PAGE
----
Portrait of a man wearing a hat, overcoat, collared shirt, and tie. He is looking slightly left and is holding a cigarette. A cropped version of this photograph was published on Page 1 of the Oregon Journal on Wednesday, April 6, 1932, under the headline “Ol’ Bill’s Pap.” The photograph had the following caption: “Captain Bruce Bairnsfather, noted British cartoonist and creator of Ol’ Bill, lovable war character, who lectures at the Town club tonight.” The photograph accompanied a story about Bairnsfather and Ol’ Bill, headlined “Ol’ Bill, Famed Warrior, Here With Creator.” Image note: The name “Bruce Bairnsfather” is written on the negative and is visible at the top of the image.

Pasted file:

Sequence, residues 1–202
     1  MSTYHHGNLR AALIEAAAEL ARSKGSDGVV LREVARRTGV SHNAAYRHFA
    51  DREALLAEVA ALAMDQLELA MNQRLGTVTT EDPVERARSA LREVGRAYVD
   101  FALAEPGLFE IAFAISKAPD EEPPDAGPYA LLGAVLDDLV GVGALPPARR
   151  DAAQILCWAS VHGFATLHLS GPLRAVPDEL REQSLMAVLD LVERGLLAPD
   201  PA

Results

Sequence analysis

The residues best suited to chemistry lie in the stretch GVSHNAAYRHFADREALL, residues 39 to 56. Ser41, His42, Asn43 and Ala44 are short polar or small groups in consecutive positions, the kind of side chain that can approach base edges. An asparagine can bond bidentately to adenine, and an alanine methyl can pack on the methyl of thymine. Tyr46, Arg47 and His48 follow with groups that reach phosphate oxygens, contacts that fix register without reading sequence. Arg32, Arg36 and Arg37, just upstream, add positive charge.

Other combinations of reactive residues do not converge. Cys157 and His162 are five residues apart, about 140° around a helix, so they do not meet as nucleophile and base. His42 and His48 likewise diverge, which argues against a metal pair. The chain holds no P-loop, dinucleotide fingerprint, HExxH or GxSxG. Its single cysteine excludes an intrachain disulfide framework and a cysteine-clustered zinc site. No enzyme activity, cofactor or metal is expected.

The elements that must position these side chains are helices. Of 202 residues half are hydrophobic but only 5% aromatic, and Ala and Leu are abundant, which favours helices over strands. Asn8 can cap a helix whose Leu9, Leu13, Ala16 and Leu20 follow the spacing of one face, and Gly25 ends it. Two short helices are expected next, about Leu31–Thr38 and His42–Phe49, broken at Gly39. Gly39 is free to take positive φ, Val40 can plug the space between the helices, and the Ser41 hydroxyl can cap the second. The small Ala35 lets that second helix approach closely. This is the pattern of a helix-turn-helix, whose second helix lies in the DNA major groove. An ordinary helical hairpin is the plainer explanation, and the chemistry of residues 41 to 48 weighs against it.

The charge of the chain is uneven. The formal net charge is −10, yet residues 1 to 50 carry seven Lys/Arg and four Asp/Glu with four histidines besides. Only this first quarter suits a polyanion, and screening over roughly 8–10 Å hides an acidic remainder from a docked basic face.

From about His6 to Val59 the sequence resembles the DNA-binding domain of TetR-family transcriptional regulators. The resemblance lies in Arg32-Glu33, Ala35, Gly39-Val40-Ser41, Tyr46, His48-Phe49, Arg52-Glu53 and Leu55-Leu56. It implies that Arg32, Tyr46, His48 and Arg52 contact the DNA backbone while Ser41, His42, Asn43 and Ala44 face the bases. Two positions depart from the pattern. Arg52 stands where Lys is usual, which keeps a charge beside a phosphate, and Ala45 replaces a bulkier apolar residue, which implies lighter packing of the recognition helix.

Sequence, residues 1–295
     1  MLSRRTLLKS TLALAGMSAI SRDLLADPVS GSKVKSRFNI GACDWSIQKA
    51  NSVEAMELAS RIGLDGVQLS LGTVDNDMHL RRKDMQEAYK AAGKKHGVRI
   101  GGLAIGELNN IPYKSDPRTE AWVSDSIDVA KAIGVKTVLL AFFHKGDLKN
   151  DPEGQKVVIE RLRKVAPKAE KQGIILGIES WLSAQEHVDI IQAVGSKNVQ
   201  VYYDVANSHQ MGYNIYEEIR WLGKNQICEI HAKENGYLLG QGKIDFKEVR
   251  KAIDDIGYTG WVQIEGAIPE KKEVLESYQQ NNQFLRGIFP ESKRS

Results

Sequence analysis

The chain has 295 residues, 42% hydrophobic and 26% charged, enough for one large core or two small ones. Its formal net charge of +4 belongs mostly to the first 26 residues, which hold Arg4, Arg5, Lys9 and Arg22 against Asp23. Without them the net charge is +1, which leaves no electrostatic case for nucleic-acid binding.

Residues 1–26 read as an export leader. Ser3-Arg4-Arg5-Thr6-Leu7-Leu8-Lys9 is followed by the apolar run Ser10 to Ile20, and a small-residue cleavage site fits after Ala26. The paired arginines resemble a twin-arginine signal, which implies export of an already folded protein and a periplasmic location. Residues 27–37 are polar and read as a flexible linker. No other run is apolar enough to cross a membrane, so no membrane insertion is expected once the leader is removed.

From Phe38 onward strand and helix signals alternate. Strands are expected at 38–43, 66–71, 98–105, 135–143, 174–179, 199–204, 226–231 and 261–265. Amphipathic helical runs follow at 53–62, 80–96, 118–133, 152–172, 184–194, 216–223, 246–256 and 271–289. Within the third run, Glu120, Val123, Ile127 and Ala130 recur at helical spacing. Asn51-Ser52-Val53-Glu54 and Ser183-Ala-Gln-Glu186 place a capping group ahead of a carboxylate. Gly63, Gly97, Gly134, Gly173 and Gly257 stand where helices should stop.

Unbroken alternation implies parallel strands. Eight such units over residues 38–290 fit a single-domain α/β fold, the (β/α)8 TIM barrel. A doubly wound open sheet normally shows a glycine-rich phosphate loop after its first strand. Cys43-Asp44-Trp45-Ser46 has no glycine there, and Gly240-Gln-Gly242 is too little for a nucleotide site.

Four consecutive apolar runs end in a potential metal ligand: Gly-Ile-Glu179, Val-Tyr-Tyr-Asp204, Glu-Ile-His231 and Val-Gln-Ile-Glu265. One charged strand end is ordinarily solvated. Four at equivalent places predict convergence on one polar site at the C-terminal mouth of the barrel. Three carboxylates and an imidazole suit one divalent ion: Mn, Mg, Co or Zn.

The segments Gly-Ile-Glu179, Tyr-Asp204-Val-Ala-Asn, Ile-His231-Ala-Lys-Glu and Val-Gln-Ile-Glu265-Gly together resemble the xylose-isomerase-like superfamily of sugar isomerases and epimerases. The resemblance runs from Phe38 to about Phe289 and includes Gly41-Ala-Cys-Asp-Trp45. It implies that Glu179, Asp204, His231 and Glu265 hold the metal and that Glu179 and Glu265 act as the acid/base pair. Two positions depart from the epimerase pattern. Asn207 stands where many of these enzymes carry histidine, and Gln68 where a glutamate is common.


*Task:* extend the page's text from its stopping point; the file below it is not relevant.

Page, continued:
Bruce Bairnsfather

Portrait of a man, British cartoonist Bruce Bairnsfather, wearing a hat, overcoat, collared shirt, and tie. He is holding a cigarette. A similar photograph, image No. 371N0328, was published on Page 1 of the Oregon Journal on Wednesday, April 6, 1932. The photograph accompanied a story with the headline “Ol’ Bill, Famed Warrior, Here With Creator.” Image note: The name “Bruce Brainsfather [sic]” is written on the negative and is visible at the top of the image.

Paul F. Burris and W. Fred Drager outside Oregon State Capitol